Mike Henry, incoming CEO of BHP, speaks during a news conference at the company’s headquarters in Melbourne, Australia, on November 14 2019. Picture: BLOOMBERG/CARLA GOTTGENS
Mike Henry, incoming CEO of BHP, speaks during a news conference at the company’s headquarters in Melbourne, Australia, on November 14 2019. Picture: BLOOMBERG/CARLA GOTTGENS

The changing of the guard at the world’s largest mining company will see longtime employee (and amateur guitarist) Mike Henry taking up the reins at BHP in the new year.

With investments in iron ore, copper, coal and petroleum and a market value of R675bn, BHP is the second-largest company on the JSE, despite having systematically divested from SA to the point of having no discernible presence in the country today.

That’s quite a change from 2001, when Australian group Broken Hill Proprietary merged with London-listed but SA-focused mining house Billiton, of which Brian "The Ego Has Landed" Gilbertson was then CEO.

While BHP as it’s now known — it dropped the "Billiton" from its name in November last year — is barely recognisable from its first incarnation, it still holds huge clout on the JSE’s top 40: a weighting of 11.25% on the index, which makes it a key stock in most SA pension and tracker funds.

Henry, 53, pipped competitors to the post with his 30 years’ experience in the global mining and petroleum industry spanning operational, commercial, safety, technology and marketing roles.

He was born into a working-class family in Vancouver, Canada. His mother was a nurse and his father was a prison guard and later worked in security.

Henry received his BSc in chemistry at the University of British Columbia and after a period of teaching English in Japan, where he met his wife, returned to Vancouver where he landed a job with the Mitsubishi Corp in 1990, gaining international exposure in resources across Canada, Japan and Australia.

In 2003 he made the move to BHP, where he worked in business development and then in the marketing and trading of a range of mineral and petroleum commodities.

He held various positions in the company, including president of coal; president of health, safety and environment, marketing and technology; and chief marketing officer.

He was appointed to the executive leadership team in 2011 and in 2016 was made president of operations of Minerals Australia, where he led 40,000 people across six assets.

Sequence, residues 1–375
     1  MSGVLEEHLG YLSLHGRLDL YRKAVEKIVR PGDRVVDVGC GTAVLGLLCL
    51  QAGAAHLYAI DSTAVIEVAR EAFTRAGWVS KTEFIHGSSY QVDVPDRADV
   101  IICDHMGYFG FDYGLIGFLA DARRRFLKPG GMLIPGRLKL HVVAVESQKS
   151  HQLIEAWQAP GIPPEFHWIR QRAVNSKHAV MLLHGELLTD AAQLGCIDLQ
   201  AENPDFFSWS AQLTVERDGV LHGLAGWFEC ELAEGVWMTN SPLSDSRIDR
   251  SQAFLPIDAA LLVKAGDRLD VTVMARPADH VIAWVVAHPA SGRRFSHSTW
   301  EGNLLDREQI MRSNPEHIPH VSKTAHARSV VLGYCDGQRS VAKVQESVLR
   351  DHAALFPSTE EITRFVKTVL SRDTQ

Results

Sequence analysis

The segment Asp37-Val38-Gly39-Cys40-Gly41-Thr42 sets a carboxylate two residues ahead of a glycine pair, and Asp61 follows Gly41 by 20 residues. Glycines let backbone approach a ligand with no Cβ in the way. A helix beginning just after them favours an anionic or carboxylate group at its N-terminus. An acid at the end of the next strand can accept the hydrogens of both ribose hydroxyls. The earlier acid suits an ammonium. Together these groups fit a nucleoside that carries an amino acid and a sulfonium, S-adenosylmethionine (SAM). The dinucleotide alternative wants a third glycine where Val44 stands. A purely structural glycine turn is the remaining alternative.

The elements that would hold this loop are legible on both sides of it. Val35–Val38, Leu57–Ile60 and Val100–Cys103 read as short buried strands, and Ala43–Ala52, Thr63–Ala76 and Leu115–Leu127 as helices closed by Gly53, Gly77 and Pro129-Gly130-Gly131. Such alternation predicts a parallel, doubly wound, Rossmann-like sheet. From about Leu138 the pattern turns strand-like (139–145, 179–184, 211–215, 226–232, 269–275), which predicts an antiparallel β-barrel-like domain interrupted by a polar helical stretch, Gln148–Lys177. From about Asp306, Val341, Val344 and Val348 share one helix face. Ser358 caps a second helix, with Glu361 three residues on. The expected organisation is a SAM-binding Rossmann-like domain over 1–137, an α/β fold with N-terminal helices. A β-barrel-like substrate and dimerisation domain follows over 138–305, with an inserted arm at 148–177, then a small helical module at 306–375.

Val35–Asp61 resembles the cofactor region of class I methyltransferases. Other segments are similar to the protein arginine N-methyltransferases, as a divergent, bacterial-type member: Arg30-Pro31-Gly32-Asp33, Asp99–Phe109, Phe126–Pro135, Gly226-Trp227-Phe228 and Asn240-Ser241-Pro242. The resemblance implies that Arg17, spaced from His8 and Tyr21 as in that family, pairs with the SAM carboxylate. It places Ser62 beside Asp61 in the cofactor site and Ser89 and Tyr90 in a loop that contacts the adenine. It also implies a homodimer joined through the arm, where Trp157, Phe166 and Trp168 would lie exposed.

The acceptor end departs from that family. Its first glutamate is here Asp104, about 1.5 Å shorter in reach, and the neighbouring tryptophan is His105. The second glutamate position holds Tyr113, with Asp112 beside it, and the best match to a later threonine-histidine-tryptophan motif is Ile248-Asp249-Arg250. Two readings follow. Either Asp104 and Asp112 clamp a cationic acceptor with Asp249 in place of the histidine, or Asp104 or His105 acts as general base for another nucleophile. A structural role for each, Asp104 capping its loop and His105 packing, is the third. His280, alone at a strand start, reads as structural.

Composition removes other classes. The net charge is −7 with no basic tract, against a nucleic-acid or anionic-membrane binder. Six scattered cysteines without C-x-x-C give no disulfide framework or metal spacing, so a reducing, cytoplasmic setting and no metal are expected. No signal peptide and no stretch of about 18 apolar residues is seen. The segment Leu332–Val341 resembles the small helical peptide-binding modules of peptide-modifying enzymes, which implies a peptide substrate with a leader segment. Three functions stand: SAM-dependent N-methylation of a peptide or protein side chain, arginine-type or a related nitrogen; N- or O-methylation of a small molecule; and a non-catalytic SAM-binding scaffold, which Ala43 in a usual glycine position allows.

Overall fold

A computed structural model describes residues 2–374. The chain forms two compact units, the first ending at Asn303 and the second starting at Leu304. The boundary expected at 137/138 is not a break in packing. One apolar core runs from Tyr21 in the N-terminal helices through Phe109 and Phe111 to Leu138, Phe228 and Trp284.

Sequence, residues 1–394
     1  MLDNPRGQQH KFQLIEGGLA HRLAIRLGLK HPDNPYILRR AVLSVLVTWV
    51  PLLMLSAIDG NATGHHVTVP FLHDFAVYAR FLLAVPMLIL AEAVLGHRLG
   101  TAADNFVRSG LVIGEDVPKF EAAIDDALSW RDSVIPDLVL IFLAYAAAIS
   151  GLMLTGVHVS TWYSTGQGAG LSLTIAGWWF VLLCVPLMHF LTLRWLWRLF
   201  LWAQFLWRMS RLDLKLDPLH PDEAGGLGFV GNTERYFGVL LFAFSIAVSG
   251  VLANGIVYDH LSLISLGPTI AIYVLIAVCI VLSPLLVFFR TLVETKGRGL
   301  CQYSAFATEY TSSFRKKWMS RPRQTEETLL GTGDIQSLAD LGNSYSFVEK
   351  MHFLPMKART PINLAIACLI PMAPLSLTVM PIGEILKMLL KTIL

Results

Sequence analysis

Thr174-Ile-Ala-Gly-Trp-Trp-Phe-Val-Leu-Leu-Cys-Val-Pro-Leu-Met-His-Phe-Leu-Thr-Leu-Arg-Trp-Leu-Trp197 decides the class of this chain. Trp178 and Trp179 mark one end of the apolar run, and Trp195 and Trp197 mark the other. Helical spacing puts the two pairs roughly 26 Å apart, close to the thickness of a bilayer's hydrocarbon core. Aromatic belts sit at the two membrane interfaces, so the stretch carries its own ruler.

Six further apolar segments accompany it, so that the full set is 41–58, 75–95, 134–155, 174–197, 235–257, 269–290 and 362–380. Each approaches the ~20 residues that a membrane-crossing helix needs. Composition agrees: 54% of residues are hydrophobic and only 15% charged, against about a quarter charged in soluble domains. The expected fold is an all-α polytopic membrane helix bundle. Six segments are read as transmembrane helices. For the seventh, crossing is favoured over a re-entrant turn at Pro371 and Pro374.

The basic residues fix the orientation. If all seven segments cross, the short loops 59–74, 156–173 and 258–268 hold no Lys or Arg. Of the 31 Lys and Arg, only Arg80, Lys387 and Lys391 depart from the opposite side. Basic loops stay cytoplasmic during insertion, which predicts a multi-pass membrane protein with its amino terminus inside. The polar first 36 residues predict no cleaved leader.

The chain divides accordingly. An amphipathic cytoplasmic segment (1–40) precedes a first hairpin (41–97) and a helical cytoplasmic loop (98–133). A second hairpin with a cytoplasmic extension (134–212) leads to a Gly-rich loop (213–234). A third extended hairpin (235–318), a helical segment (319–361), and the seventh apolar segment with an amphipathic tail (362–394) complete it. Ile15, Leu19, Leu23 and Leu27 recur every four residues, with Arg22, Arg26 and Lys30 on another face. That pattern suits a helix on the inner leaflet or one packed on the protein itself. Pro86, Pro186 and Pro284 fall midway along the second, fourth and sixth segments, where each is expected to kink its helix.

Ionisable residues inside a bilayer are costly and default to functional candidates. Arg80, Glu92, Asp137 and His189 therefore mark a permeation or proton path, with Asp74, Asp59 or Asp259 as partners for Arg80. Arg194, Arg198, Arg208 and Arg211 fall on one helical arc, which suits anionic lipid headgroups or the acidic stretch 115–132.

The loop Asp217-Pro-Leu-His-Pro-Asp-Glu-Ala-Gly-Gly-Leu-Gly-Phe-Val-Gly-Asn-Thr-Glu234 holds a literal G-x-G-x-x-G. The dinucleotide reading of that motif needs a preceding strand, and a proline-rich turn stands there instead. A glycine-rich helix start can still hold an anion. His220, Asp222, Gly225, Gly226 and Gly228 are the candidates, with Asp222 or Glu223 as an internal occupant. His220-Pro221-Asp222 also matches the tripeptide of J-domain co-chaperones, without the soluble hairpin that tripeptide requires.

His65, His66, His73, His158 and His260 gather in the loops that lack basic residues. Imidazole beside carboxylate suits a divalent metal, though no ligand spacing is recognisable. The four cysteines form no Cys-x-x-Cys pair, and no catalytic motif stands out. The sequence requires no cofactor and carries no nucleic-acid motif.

Impressive as his pedigree may be, the market wasn’t exactly thrilled about his appointment: BHP’s share price dipped 1.5% on the day of the announcement.

While the company needs a leader to steer it through coming challenges as growth in China wanes and investor pressure around climate change mounts, the market had hoped BHP would introduce some fresh blood and new ideas.

According to Peter O’Connor, metals and mining analyst at Australian-based Shaw & Partners, market chatter since 2018 has focused on the lean internal pickings of BHP’s "bench" and the "reinvigoration" option of an external candidate.

"A fresh approach at the top has always been on the markets’ radar," O’Connor says. "We had hoped for an external agent of change in the CEO transition so as to provide a catalyst to free up any BHP baggage and harness the opportunity in the assets and, most importantly, the employees."

Even so, O’Connor believes BHP will continue to thrive, with future performance underpinned by a number of "crown jewel" assets in iron ore, metallurgical coal, copper and petroleum.

According to BHP, outgoing CEO Andrew Mackenzie leaves behind a streamlined and more productive BHP.

He was instrumental in BHP spinning off South32 in 2014, as well as last year’s sale of its underperforming US shale oil and gas business.

BHP posted a record final dividend of 78USc a share for the year ended June, despite flat operating profit of $16.8bn.

Henry, meanwhile, has indicated that he plans to unlock greater value from BHP’s ore bodies and petroleum basins.

He is highly incentivised to do so: his base salary of $1.7m represents only 25% of his actual remuneration, with 75% depending on incentive plans.

Investors may take comfort that at least Mackenzie is banking on Henry — quite literally.

In a new remuneration policy recently approved by shareholders, BHP introduced a requirement for the CEO to continue to hold company stock for two years beyond retirement. While this requirement is not yet technically applicable to Mackenzie, "to demonstrate his commitment to and confidence in BHP’s future success, Mr Mackenzie has voluntarily committed to comply with this post-retirement shareholding requirement", says BHP.